GRAND RAPIDS — When the Michigan Economic Development Corp. awarded a $450,000 “economic gardening” grant to Grand Rapids-based Local First of West Michigan in January, the move raised more than a few eyebrows among local economic developers and chamber executives.
The grant to fund a two-year pilot program is “intended to build a stronger local and regional economy” and to “increase awareness of the importance of supporting local businesses,” according to a joint announcement by the MEDC and Local First.
The announcement left some local chamber and economic development execs a bit flummoxed, in part because they believe they’re already providing some of the services covered by the nearly half-million dollar grant. Their reactions ranged from angry to quizzical.
“In large part, it’s a public relations campaign supporting locally owned and Michigan-based businesses,” said Elissa Hillary, executive director of Local First. “We’re reaching out to a core group of businesses in the community.”
The pilot program will also gather data that could lead to potentially new or improved programs that can support small businesses.
Its success will be measured by increasing customer awareness for local businesses in the targeted communities, as well as by customers shifting where they’re spending their dollars, Hillary said. The businesses will know the program is working when more people start talking about it in their shops and when they see more customers come through the doors, she said.
New members would be expected to buy a Local First membership, which ranges from $165 to $550, depending on the size of the organization. Requiring members to pay during the pilot program was an intentional move so that the new recruits “have some skin in the game,” Hillary said.
She said the organization plans to partner with like-minded groups to help support local businesses in the target communities. The pilot project runs through 2014.
Local First describes itself a West Michigan-based economic and community development group whose goal is to build a sustainable local economy. The organization was founded in 2003 and has a membership of nearly 600 independent businesses and community organizations in West Michigan.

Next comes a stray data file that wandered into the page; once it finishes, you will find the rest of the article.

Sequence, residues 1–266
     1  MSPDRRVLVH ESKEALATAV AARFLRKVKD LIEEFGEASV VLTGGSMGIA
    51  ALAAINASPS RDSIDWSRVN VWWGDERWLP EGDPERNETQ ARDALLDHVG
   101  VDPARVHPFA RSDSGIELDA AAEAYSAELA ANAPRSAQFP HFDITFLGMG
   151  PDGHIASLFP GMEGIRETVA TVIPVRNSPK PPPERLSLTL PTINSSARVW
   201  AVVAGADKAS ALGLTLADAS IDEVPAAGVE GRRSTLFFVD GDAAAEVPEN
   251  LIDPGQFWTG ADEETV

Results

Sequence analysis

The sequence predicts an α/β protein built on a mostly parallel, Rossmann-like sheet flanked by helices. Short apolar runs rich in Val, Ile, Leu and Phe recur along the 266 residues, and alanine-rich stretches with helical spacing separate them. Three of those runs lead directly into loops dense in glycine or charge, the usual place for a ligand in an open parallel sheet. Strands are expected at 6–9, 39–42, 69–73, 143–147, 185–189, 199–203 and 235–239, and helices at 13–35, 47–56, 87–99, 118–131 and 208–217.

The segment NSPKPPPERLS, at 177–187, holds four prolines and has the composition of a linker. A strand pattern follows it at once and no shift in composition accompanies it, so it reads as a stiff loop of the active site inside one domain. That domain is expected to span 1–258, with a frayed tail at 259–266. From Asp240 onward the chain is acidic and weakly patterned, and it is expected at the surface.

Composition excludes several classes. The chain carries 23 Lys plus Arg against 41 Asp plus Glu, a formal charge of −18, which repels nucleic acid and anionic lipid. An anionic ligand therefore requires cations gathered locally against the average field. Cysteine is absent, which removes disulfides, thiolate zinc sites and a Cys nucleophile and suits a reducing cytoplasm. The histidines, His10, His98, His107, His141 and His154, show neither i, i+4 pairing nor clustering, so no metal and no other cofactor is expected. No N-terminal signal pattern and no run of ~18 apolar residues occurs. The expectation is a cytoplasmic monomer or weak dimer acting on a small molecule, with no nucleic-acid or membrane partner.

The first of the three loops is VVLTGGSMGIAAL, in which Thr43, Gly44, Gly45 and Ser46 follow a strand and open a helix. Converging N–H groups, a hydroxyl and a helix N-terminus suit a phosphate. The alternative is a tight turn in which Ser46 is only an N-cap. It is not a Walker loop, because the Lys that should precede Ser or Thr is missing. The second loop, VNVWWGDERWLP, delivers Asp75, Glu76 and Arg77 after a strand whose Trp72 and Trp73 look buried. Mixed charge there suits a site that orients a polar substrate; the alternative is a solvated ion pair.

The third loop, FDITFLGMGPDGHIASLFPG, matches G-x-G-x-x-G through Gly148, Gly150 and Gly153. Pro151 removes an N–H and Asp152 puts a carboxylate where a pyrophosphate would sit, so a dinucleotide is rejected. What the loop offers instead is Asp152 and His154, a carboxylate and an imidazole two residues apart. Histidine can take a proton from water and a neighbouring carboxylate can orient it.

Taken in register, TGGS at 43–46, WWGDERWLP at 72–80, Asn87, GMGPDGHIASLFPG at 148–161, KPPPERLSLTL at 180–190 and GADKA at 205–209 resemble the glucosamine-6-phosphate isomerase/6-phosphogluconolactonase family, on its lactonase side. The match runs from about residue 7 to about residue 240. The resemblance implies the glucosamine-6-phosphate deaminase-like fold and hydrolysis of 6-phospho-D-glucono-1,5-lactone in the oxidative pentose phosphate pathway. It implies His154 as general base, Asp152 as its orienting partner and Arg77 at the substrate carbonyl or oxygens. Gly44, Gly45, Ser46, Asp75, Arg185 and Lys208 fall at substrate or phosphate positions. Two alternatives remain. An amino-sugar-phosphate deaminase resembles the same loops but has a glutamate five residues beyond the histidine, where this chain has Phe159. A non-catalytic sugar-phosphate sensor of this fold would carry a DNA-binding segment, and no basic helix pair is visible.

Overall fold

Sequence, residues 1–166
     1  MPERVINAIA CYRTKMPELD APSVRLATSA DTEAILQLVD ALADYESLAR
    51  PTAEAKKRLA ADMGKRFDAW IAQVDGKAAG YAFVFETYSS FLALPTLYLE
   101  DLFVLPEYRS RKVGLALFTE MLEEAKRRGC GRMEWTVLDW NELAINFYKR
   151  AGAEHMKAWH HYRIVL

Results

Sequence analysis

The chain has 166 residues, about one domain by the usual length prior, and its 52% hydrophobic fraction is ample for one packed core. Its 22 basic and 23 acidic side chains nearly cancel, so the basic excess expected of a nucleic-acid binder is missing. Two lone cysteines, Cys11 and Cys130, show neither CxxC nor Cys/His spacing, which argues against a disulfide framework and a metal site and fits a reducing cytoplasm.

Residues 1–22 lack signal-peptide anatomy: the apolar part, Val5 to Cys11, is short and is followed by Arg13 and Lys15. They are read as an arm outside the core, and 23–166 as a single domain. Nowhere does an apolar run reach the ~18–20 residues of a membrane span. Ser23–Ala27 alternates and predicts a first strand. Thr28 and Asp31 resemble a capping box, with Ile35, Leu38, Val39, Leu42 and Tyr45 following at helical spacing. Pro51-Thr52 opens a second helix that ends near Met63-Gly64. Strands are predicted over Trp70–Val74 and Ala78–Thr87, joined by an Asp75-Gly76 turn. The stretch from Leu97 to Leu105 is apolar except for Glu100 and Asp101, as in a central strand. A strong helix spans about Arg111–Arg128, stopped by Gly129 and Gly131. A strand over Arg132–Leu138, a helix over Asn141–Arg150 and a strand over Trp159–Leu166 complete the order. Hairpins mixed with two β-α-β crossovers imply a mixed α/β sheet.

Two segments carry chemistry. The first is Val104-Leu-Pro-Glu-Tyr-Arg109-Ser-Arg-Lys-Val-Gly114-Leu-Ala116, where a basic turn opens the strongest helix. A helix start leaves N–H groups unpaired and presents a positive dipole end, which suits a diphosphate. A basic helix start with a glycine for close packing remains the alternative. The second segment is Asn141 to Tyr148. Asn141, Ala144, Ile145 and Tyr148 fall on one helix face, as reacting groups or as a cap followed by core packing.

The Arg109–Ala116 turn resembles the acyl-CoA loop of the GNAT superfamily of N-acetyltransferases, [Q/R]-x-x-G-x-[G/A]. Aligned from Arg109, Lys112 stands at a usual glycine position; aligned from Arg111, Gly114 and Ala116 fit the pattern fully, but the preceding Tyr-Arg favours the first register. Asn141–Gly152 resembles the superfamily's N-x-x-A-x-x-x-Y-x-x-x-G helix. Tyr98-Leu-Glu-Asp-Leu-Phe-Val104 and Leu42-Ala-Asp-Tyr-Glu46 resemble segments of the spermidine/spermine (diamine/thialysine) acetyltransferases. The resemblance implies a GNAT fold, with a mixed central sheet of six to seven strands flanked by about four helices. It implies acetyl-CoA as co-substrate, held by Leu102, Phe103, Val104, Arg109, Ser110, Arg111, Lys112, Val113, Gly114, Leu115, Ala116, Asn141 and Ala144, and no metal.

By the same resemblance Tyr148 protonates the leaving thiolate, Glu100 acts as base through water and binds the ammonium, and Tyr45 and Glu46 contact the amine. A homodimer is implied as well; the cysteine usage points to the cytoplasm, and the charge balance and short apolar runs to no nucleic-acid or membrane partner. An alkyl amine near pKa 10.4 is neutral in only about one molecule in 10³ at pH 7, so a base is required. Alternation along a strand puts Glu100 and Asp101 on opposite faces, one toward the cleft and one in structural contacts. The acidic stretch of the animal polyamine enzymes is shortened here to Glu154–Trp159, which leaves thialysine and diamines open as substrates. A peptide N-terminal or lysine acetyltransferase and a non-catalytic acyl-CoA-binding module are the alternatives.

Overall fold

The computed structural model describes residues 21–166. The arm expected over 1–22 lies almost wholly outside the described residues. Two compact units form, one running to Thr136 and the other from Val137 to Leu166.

At $225,000 per year, the grant nearly equals the nonprofit’s 2010 total revenue of $269,000, according the most recent IRS Form 990 documents available. The group also operates the Local First Educational Foundation, a 501(c)3 organization that is funded by government fees, contributions and grants.
Hillary said the organization is “still figuring out the exact details” about what the public relations campaign will look like, but it’s likely to include elements such as billboard, TV and radio advertising and event-based promotions targeted to eating local foods around the fall harvest time or promoting shopping with local retailers around the holiday season.
Officials at several West Michigan chambers and economic development groups privately voiced concern that the MEDC money would duplicate services they already provide. Worse yet, they contend awarding the money to Local First is tantamount to the government picking winners in what remains a private business function.
“We actually have a concern, at a higher level than this particular grant,” said Rick Baker, president of the Grand Rapids Area Chamber of Commerce. “Had there been engagement with others in the community that have been around and working in business growth? How is it the MEDC is making decisions on awarding grants without touching bases with these players?”
Baker said he and his staff had a conversation with MEDC officials after the grant was announced, not before.
“I’m not taking anything away from Local First,” he said. “They do nice work in our community. We are more concerned with the MEDC and how they make those decisions. Our concern now is moving forward into the future. We want them to use the chamber and other business development groups in our community when the MEDC receives a request from our region to make sure the funding is not a duplication of services. We want to make sure it is in line with the larger agenda for our region.”
The grant will expand Local First’s efforts beyond greater Grand Rapids to work with businesses and organizations in Grand Haven, Holland and Portland. Local First has already hired the equivalent of 1.5 full-time employees to perform outreach in those new communities. The home office in Grand Rapids will serve as the base of operations, and the new staffers will maintain a frequent presence in the new territories.